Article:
The Amended Complaint also charges that the only testimony the Board heard from Verizon was presented by their professional contracted experts (and not by actual company members) and "the testimony of such witnesses constituted an improper net opinion, and should not have been considered by the Board."

Additionally, when searching for a court transcriber willing to listen to and transcribe the recording of the Board hearing, the court transcriber complained that they had a difficult time hearing the audio due to the poor quality of the Township's sound and recording system. This delayed the lawsuit's discovery process. Mr. Meyer noted this issue in his Amended Complaint.

"Despite repeated requests and representations made by the Board to the Township, the Township continues to have issues with the recording system resulting in difficulty of obtaining a true and accurate record and transcription of the proceedings... Plaintiff’s due process and other rights were violated by the fact that the recording device was inadequate and continues to remain inadequate despite the repeated known issues brought to the attention of the township. The township, having known about this issue for a long period of time should have corrected such faulty recording system or brought/provided a court stenographer to assure a true and accurate transcript of all hearings. The Board violated the plaintiff’s due process rights, as well as acted arbitrarily and capriciously by such conduct. As a result of the actions of the Defendant, the plaintiff has been damaged," the Amended Complaint alleges.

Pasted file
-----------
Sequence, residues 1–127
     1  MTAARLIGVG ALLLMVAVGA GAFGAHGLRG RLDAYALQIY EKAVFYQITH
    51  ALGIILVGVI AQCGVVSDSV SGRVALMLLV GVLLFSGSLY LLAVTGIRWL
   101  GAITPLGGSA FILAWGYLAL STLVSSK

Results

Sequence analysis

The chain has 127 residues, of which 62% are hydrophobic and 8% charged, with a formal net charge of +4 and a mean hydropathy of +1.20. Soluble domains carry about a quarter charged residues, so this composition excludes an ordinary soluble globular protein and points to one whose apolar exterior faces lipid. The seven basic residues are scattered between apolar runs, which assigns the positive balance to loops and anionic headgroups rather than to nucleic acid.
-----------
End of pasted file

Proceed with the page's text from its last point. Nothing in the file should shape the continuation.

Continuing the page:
As reported here on FAA News, back in November, Verizon, represented by Attorney Richard Schneider, filed a Motion for Partial Summary Judgement, seeking to dismiss the second and third counts of the lawsuit, on the assertion that health concerns, beyond whether they followed FCC guidelines - for which they presented expert testimony at the Zoning Board hearing - are "out of bounds of the Zoning Board's jurisdiction."